Tag Archives: Jeff Vandermeer

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British Fantasy Awards 2012 Results

The British Fantasy Awards have been announced. I was happy to be invited to be a judge this year. It was fun, and I got to read a bunch of good books. or re-read in many cases! Here are the winners:

Best Novel (Fantasy): Jo Walton’s Among Others

Best Novel (Horror): Adam Nevill’s The Ritual

Best Novella: Lavie Tidhar’s Gorel and the Pot-Bellied God

Best Anthology: The Weird (edited by Ann and Jeff VanderMeer)

Best Collection: Robert Shearman’s Everyone’s Just So, So Special

Best Short Story: Angela Slatter’s “The Coffin-Maker’s Daughter”

Best Independent Press: Chomu Press

Film: Midnight in Paris

Best Comic: Locke and Key

Best Non-Fiction: Grant Morrison’s Supergods

Best Newcomer: Kameron Hurley

As they have only just been announced there’s been limited chances for response. The Pornokitsch reviews blog make a valid observation about the lack of winners ‘in the room’ at the award ceremony. Perhaps a more relevant critique when one thinks about the controversy surrounding last year’s awards. A controversy which I responded to at the time with a suggestion for a unified SF/F award in the UK.

It’s worth noting that none of these issues were in the mandate of either judges of BFS voters to consider. We set out to award the best fantasy in each category, and I feel very happy we achieved that.

No doubt there will be further debate about the role of both the British Fantasy Awards and their relationship to other awards in the field. As previously noted, the internet has made the SF community much more interconnected across international and genre boundaries. It has changed the role both of fan societies and awards. I’d love to know what people think awards in the field generally need to achieve and how we get there from here.

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Who is the wisest Sci-Fi & Fantasy author?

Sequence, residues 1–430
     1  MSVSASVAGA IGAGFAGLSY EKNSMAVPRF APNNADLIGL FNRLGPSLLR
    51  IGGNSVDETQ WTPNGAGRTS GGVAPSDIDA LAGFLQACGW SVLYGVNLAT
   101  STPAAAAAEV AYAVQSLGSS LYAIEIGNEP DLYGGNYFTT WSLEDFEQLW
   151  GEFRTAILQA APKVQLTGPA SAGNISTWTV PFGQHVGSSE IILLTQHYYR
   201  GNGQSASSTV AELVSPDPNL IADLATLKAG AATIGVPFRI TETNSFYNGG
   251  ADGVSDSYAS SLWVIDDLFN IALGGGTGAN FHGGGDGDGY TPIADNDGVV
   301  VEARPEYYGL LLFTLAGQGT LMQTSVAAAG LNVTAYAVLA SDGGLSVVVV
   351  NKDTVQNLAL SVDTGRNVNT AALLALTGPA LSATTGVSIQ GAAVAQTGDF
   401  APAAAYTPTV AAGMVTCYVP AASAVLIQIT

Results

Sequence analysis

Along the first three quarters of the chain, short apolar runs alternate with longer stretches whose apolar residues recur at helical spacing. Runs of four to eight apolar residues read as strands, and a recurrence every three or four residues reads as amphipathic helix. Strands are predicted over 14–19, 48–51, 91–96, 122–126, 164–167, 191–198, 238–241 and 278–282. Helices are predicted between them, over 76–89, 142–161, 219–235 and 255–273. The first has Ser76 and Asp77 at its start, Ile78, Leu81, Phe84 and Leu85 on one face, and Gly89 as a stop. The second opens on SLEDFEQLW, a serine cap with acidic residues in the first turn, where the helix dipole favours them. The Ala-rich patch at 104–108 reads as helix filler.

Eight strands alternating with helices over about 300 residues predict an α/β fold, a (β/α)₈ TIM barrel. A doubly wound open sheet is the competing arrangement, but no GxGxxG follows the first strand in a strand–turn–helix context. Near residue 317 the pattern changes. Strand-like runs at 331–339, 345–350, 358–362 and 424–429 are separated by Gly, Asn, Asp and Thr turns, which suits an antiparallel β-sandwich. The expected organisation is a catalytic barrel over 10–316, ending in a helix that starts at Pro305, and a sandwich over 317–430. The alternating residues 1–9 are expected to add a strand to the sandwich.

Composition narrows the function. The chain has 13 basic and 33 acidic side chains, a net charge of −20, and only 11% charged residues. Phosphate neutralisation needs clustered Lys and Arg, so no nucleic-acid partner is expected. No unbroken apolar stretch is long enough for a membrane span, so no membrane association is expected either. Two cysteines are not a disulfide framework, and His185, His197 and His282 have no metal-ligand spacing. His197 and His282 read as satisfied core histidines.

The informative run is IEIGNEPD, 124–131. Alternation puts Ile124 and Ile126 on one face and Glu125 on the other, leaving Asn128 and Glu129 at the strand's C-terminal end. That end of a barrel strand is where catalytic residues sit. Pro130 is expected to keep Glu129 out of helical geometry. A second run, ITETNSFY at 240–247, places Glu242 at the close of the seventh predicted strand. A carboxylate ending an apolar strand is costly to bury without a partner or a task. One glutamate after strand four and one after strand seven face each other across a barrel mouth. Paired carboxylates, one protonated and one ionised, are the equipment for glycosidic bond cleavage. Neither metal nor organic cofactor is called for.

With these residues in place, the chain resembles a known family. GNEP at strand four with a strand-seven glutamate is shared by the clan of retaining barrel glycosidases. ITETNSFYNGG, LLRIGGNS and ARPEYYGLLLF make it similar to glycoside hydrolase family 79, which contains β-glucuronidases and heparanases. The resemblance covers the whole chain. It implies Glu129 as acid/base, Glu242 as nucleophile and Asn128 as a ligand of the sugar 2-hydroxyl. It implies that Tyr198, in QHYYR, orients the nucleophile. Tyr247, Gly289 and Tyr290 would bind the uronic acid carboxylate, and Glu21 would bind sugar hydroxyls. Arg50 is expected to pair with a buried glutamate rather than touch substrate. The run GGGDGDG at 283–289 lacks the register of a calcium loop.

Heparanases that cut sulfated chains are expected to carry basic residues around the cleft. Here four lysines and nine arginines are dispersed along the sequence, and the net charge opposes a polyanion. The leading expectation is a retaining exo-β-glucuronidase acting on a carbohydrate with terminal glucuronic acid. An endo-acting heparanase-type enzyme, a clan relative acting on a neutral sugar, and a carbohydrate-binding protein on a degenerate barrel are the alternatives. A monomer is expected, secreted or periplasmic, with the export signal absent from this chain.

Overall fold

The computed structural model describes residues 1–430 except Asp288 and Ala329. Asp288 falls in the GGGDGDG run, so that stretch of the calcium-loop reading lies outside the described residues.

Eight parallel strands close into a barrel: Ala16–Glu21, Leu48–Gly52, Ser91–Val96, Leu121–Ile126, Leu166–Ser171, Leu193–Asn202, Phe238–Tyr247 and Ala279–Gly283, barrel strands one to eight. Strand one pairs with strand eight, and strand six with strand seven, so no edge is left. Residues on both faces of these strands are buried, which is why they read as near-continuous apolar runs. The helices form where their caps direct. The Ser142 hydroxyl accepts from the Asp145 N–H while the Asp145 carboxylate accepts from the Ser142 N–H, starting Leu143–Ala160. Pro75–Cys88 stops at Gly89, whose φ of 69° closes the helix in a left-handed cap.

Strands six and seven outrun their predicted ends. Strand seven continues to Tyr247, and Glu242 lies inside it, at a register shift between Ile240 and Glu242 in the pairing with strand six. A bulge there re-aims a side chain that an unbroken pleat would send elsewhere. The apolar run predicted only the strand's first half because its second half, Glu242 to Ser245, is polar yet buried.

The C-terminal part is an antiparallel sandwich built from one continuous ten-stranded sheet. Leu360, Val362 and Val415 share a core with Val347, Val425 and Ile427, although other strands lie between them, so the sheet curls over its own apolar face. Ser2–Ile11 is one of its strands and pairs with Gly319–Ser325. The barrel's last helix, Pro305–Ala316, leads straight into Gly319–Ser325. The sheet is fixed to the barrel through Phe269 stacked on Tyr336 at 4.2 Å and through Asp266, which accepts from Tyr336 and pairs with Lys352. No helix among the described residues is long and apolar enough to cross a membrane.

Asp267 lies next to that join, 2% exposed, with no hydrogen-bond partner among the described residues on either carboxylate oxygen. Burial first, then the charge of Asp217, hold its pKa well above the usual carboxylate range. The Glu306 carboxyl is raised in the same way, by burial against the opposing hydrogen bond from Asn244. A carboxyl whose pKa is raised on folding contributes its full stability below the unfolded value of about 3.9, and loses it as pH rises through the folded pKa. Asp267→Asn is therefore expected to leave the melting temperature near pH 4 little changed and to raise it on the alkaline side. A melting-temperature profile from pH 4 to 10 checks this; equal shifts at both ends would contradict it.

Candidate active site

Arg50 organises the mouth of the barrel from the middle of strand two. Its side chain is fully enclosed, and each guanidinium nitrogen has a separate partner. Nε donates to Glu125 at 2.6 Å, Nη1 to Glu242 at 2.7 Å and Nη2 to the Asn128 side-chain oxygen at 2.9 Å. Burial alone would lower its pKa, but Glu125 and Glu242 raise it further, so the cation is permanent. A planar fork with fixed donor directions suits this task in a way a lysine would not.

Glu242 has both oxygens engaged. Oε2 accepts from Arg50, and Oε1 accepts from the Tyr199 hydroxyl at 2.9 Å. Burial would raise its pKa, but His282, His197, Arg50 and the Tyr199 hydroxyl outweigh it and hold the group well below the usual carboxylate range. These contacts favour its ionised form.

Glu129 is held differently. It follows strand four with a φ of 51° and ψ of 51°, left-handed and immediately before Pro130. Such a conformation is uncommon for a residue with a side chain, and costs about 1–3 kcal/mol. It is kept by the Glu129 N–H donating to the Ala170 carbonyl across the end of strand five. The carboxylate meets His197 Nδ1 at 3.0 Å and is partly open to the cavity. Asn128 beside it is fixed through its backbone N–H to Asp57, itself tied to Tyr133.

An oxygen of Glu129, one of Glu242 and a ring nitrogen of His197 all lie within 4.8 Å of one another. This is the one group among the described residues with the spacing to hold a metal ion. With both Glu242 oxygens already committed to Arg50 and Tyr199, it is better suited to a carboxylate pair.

Over on Twitter and Facebook I asked folk to tell me which SF author they would turn to for life advice, for words of wisdom and guidance through the labyrinth of life. And I got quite a response!

[View the story "Wisest of the wise in SF & Fantasy" on Storify]

Popular choices include Neil Gaiman, Ursula Le Guin, Jeff Vandermeer, China Mieville, Kurt Vonnegut, Harlan Ellison, Philip K Dick and Douglas Adams. Is it just coincidence that these are also some of our most enduring writers?

It makes me wonder, beyond a good story, great characters, cool ideas and amazing worlds to explore, is what we really value in our writers is the wise guidance they offer us through life?

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Writing Mind, Big Mind, Judging Mind

My friend Amy Sundberg talks about the Writing Mind, in response to Jeff VanderMeer’s missive that forcing your concentration to meet a fixed daily word count isn’t a universally good idea. Even when you aren’t writing, you can still be writing. The imagination is always busy, and sometimes it does its best work when we give it space and time. I know that for me a daily word count is not all that helpful. The words will come when they come. I might get other words to come, but the chances are that if I force it, they won’t be the words I need.

Amy’s idea of the Writing Mind reminds me of what zen buddhists call the Big Mind. Most of us, most of the time, live in our Small Mind. If you’re worried, stressed, anxious, uptight, angry, being needlessly aggressive or competitive, that’s your Small Mind doing what it thinks it needs to do to keep you alive. I say ‘what it thinks’ because when you look back at the sum total of time your Small Mind spends worrying about things, you can be fairly sure that 90% wasn’t worth worrying about, and the other 10% wasn’t improved by worrying about it anyway. Your small mind is about you. What you need. What you want. Your survival in this big bad world.

The Big Mind is all about We and all about Us. It understands that the world is made up of 7 billion interdependent human beings and that in anything but the short term acting selfishly for your own interests alone doesn’t get us very far. And because the Big Mind understands the interconnectedness of all things, it understands that there is really no need to worry. When you are relaxed, happy, calm, blissful, joyful and at peace, that is your Big Mind being in charge.

(If your internal voices are shouting ‘This is all nonsense! I have to look out for number one first and foremost!’, well…that’s your Small Mind talking.)

The other thing that your Big Mind does is create. Whether it’s a work of art, or an essay, or a business, anything humans create has to come from our Big Mind. Small Mind isn’t good at creating. Creativity is risky. That book might not sell. That essay might get a bad grade. The whole business might go bust. It’s better to do things that are routine. Where the outcome is assured. Keep the money coming in. Pay off that mortgage. Get that pension scheme built up. Don’t, whatever you do, decide to become a writer. If Small Mind has one ultimate commandment, that’s probably it.